Levels of Selection
Second important clarification of adaptation concept has to do with what is called "levels
of selection problem"
Key issue here is, What level of biological organization (gene, cell, organ, individual,
group, population, species, ecosystem, biosphere.
..) are adaptations generally designed
Darwin had no workable mechanism of inheritance, but the discovery of genes as the
primary mechanism of inheritance in organic evolution had many profound
consequences for evolutionary theory, including a clarification of the levels of selection
In particular, linkage of natural selection theory to Mendelian inheritance provided
answer to query "survival of the fittest
The ultimate answer is, the fittest gene or gene combination; but of course genes
express their fitness (i.e., relative rates of replication) thru their phenotypic effects
But what kind of phenotypic effects will be favored by natural selection?
In past, biologists often spoke of evolved traits as serving "the good of the species," or
even the stability of ecosystems; but there is no basis in evol. biology for supposing that
natural selection favors any trait for that reason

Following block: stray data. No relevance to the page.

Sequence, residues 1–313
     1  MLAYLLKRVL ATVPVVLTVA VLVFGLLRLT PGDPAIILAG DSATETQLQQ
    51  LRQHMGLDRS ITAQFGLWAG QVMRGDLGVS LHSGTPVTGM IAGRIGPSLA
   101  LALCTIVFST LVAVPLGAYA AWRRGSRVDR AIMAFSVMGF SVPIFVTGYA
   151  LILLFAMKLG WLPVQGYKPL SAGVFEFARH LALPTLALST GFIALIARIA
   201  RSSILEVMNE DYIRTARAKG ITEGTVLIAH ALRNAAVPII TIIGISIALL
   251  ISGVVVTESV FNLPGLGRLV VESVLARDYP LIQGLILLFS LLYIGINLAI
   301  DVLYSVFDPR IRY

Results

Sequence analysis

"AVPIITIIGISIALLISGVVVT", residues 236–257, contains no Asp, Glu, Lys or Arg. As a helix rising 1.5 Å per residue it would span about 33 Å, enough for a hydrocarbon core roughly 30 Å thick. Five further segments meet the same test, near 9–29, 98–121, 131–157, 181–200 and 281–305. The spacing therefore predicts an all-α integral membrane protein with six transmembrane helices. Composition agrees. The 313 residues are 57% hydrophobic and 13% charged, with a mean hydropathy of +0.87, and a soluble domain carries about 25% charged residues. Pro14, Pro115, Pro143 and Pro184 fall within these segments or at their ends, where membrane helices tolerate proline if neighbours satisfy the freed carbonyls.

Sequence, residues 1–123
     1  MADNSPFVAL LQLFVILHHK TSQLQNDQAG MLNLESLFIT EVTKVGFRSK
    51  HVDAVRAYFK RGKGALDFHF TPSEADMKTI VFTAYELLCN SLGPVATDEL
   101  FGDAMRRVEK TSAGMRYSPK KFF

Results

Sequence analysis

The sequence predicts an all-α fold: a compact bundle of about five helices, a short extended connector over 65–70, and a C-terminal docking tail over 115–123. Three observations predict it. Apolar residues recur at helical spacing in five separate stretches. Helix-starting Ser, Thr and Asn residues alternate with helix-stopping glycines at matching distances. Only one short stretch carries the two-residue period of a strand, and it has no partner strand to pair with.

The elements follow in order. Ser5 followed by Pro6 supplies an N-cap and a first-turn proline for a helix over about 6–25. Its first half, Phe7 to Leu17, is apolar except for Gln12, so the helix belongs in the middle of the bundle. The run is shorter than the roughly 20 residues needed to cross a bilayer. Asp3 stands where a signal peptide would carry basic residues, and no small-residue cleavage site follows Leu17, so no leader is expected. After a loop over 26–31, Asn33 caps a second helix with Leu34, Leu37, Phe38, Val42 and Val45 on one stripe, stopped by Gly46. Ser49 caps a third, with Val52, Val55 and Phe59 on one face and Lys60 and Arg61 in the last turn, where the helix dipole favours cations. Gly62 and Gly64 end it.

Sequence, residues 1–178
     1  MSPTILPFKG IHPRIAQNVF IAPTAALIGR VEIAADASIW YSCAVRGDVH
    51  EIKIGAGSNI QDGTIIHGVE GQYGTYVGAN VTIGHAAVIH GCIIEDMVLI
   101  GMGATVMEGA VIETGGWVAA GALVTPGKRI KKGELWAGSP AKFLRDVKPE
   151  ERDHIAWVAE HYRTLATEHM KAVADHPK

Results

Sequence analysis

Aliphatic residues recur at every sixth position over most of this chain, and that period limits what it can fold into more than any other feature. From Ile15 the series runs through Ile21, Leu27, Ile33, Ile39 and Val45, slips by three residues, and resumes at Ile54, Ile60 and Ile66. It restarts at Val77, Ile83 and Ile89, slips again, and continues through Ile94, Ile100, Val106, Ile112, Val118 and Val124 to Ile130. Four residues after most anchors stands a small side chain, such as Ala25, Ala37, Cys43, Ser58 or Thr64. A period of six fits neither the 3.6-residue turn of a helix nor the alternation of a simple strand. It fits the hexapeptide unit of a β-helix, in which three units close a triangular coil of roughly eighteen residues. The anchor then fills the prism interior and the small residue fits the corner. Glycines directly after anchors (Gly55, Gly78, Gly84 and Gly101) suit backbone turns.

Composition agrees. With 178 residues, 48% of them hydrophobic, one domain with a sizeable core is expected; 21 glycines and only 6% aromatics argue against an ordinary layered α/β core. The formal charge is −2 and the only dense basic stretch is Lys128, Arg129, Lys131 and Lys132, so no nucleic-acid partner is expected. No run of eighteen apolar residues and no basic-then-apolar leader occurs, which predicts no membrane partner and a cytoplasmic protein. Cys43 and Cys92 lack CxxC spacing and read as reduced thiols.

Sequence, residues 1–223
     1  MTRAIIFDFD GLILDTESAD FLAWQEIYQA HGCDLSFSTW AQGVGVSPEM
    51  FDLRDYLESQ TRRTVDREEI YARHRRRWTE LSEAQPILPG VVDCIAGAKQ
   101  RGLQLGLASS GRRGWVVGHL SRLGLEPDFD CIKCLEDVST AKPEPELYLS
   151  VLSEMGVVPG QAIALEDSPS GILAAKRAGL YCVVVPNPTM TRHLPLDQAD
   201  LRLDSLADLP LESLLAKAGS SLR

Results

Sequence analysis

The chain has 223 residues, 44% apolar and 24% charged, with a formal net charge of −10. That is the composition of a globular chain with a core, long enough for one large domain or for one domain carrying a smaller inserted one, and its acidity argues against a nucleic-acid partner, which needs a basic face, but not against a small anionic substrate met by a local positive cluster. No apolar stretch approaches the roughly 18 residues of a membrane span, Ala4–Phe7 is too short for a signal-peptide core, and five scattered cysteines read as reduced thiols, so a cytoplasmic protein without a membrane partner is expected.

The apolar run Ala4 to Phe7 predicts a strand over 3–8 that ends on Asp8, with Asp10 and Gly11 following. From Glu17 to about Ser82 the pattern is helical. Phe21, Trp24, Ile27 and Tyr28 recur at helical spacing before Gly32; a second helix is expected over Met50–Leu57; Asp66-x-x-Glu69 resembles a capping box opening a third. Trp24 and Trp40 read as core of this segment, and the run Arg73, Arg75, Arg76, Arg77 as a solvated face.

That's because selection acts via differential fitness of heritable variants, and this
process works much more rapidly and effectively on variants that affect individual
survival and reproduction than those that affect populations, species, or higher-level
Thus, in most cases individual-level selection outpaces any higher-level selection
To see why, consider example of population regulation discussed by Irons (pp 11-12)
If population increases beyond the sustainable limits, it will overharvest its food, and
perhaps crash to low levels or even go extinct
So wouldn't natural selection favor populations that limit size to sustainable level?
Well, population growth is function of individual reproduction; so this really means